Via Livni’s party, the Zionist Camp will also include Manuel Trajtenberg, a famous economist who led a governmental committee tasked with addressing the concerns of the social protests. He will ostensibly be the party’s candidate for finance minister. The list also includes another (far more leftist) economist, Yossi Yonah, who had advised the protestors and was a fierce critic of Trajtenberg’s committee, which he saw as a fig leaf for the government’s policies.
While Labor’s competition from centrist parties for the domestic agenda is fierce, it has successfully positioned itself as the voice of a left-leaning economic agenda. Among young middle class voters, in particular, this appears to be paying off (a recent poll shows the Zionist Camp as the leading party among Israeli college students, who also cite social-economic issues as their top concern).
From Labor and the combined Zionist Camp’s perspective, the more salient the economic debate and the clearer the differences between the sides, the better they hope to fair in the elections.
3. The left must present a credible, centrist, alternative on national security issues, where it is electorally weaker.
A shift to a domestic agenda would help Labor considerably, but Israeli politics are still defined, fundamentally, along a hawk-to-dove axis. Since 1967, “right-wing” in Israel means, in fact, hawkish on Arab-Israeli relations, while “left-wing” tends to mean dovish.
In recent years, the “left” brand has been deeply unpopular. Gravely wounded by the Second Intifada, which to many Israelis seemed to disprove a Palestinian desire for peace, leftist views have come to be seen as naïve, even reckless, on security. This was a central consideration for Herzog in aligning with Livni, a former Likudnik herself, who gives the joint list a more centrist veneer.
To counter this weakness, even before Oslo, Labor has relied on candidates with strong security credentials. Yitzhak Rabin was a general, chief of staff of the IDF during the 1967 war, and a former hawkish defense minister. Ehud Barak was similarly a former IDF chief of staff and a famed commando officer.
Herzog‘s father, a former president of Israel was a general (chief of military intelligence), and his brother is a brigadier general (in the reserves) and now a well-known analyst of Israeli affairs. But Isaac Herzog is known primarily as a lawyer and politician. In demeanor and experience he brings no security credentials to the campaign. The Labor slate, moreover, includes only one notable former officer, Omer Bar Lev, a colonel who was a notable commando officer and also the son of a former IDF chief of staff (and Labor minister), Haim Bar Lev.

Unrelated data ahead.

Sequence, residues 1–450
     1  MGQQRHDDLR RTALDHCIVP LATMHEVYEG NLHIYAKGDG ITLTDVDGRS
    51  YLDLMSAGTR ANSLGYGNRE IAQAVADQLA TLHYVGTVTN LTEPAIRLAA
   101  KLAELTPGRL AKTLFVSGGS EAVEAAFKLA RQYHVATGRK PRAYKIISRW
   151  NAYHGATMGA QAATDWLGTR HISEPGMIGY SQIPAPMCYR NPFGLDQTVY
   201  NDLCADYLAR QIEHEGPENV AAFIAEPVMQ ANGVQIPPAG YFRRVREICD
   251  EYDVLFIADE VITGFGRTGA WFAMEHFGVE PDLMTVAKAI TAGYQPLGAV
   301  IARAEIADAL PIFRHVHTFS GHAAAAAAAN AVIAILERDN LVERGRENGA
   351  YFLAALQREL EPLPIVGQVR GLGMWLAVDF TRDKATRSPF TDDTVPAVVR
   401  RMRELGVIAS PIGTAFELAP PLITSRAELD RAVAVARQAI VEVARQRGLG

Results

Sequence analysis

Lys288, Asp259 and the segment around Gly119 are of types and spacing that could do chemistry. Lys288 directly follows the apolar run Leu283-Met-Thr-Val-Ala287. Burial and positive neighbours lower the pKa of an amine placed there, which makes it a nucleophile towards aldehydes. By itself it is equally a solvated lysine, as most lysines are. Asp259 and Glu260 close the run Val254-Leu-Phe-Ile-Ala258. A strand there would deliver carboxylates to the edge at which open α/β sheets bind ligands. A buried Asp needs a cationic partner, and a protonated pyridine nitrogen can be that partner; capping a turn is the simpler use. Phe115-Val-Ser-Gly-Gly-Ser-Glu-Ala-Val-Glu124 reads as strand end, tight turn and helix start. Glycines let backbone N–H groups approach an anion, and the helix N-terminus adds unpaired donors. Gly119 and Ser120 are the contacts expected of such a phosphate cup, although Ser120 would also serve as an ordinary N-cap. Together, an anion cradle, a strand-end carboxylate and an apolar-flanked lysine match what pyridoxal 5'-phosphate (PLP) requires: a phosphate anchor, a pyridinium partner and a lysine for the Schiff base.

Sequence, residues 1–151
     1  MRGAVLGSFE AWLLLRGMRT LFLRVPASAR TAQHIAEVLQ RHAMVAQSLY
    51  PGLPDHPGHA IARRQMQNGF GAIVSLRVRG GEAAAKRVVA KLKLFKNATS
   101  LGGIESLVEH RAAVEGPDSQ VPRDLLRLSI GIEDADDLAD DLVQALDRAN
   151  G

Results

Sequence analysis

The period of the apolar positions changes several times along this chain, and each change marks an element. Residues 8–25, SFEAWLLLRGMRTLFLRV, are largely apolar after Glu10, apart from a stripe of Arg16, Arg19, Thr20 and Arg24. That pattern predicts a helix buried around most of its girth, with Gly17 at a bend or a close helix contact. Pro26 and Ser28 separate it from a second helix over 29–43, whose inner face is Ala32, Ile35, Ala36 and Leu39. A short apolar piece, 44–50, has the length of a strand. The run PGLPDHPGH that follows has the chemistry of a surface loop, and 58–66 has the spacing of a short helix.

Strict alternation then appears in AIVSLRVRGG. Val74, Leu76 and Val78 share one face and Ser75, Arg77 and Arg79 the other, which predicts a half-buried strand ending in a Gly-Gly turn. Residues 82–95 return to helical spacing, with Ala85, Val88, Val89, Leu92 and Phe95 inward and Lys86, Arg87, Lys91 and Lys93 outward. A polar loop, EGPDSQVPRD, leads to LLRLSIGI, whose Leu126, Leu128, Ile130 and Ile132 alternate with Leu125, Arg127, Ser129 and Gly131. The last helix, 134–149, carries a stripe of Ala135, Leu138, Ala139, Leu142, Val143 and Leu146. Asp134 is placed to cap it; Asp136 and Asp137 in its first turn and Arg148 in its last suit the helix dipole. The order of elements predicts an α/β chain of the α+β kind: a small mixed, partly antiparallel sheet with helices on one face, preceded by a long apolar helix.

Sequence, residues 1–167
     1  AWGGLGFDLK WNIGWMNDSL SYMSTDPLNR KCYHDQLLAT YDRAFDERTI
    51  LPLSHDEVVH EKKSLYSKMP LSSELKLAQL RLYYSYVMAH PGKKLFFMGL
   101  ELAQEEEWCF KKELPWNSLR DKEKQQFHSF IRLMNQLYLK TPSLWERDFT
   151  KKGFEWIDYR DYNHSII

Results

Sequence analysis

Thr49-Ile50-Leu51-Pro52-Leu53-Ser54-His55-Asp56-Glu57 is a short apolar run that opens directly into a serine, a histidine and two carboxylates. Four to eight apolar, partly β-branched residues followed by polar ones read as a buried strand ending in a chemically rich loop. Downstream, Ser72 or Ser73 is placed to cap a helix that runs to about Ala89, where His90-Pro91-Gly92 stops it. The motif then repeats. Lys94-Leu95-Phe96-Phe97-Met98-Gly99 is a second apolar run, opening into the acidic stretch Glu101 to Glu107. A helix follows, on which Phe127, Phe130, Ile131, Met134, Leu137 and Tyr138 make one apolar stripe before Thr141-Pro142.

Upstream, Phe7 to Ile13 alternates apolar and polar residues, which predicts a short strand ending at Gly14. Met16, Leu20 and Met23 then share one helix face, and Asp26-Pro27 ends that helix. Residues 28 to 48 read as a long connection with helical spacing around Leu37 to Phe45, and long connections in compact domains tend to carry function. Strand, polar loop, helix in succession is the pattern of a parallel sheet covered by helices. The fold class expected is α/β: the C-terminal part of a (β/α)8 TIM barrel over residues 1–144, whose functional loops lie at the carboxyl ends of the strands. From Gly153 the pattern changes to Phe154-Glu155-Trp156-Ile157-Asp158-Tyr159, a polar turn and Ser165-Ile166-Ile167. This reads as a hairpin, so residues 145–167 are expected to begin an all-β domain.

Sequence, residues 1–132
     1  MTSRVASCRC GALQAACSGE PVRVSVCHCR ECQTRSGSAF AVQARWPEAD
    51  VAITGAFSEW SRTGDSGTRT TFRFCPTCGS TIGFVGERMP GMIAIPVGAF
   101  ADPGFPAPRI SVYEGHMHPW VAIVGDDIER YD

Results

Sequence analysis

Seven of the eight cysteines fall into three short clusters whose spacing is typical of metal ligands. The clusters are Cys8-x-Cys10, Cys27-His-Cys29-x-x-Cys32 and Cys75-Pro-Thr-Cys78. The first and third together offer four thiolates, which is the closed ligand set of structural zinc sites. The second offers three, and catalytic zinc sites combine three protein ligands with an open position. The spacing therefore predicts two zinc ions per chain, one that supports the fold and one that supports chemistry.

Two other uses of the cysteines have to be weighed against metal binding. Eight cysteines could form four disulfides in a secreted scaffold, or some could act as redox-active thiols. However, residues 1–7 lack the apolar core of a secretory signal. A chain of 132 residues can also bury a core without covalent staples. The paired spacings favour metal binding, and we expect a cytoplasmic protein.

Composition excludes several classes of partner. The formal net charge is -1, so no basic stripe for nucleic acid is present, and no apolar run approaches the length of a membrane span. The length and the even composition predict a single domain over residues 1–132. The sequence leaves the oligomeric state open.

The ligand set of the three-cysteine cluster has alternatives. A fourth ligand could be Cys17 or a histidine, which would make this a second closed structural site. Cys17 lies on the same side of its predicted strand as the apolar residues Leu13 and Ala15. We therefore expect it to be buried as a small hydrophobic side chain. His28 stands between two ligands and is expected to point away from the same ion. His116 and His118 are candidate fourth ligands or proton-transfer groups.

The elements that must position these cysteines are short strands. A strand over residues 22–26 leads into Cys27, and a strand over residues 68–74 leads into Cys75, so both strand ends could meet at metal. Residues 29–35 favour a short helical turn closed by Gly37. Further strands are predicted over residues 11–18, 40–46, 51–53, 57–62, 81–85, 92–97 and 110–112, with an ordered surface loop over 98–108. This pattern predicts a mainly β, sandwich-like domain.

Not coincidentally, Netanyahu’s camp has gone on the attack; the Yisrael Hayom publication, funded by Netanyahu’s main U.S. donor Sheldon Adelson (and known to many as the “Bibipaper” the Bibiton), reacted to the primaries by calling the slate “leftist”.
Herzog will likely try to remedy this situation with the extra-primary appointment of a former military figure to the list, quite possibly Shaul Mofaz, the former defense minister from the Likud and Kadima, or Amos Yadlin, currently the Director of the Institute for National Security Studies in Israel and another son of a Labor minister.
4. The left must have a credible leader to capitalize on the right wing’s decline
All this — a weak incumbent and a favorable campaign–is not enough to tip the scale for Labor; there must be a viable challenger to pick up the pieces, a role Herzog hopes to fill. Herzog’s alliance with Livni has allowed him to advance considerably in the polls, though he still suffers from a perceived gravitas-gap with Netanyahu.
In all polls — during the full term of this Knesset and its predecessor — the left wing and Arab bloc has fallen short of the 60 seats necessary to block a Netanyahu coalition (in the previous election, the combined bloc, if one counts Yair Lapid in it, came very close with 59). While Labor hopes to draw voters from the center, it will almost certainly need the help of other centrist parties, and in particular the new party of Moshe Kahlon, a former Likud minister, and perhaps even of Avigdor Lieberman, Netanyahu’s controversial foreign minister.
Indeed, Herzog is dramatically more popular than Netanyahu among his fellow politicians, including many in the center and among the religious parties, which gives him hope that he can form a coalition across bloc lines. But this advantage may not be enough to overcome the political realities and coalition arithmetic of the next Knesset.
 Under Israeli electoral law (a “single district, proportional representation” system), voters do not elect candidates or regional representatives but rather choose one national list, a set list of candidates offered ahead of the polls by a party or an amalgam of parties. Each list that passes a minimum threshold (recently raised to 3.25 percent of the vote) is then awarded seats in the 120-seat Knesset, in proportion to the number of votes it received, nationally. The result is a highly representative—but highly fractured—party system. After the elections, the president (who is not up for general election), consults the elected factions and tasks one Member of Knesset with forming a government that can garner support of a majority of the Knesset (this need not be the leader of the largest faction, merely the MK with the best chance of forming a governing majority). In a party system as fractured as the Israeli one, this invariably entails forming coalitions among various factions in the new Knesset.
 Right-wing voters in this poll likely include Ultra Orthodox voters, whose representatives are not part of the coalition and who likely oppose government policy for different reasons than those on the Center and the Left.